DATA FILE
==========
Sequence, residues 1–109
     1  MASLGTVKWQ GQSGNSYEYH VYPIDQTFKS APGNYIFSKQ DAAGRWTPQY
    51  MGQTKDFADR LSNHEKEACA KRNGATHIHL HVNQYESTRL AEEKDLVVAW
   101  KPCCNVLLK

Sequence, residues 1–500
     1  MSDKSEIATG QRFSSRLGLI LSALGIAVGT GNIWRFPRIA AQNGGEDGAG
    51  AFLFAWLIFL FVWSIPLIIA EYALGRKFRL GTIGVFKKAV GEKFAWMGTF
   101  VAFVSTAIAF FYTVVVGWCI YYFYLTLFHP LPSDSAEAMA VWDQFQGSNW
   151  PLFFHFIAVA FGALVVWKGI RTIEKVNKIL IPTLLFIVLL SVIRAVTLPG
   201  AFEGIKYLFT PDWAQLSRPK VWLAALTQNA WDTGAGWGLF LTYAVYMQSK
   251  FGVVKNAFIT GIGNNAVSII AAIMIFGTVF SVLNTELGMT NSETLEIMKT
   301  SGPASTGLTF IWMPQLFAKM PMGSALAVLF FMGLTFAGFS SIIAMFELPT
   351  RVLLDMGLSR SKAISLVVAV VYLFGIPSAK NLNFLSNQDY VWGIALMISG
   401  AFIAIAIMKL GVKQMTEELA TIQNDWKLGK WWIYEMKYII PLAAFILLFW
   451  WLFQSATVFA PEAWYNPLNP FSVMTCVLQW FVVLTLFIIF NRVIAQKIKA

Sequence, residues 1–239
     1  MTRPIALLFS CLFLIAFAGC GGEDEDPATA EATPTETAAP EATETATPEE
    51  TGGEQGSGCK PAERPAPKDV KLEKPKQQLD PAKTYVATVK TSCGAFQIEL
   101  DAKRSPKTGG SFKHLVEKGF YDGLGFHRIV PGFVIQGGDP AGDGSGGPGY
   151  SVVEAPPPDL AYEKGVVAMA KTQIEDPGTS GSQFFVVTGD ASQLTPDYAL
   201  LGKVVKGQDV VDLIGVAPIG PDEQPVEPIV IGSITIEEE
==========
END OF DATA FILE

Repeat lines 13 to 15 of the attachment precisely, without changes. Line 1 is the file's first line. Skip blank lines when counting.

   351  RVLLDMGLSR SKAISLVVAV VYLFGIPSAK NLNFLSNQDY VWGIALMISG
   401  AFIAIAIMKL GVKQMTEELA TIQNDWKLGK WWIYEMKYII PLAAFILLFW
   451  WLFQSATVFA PEAWYNPLNP FSVMTCVLQW FVVLTLFIIF NRVIAQKIKA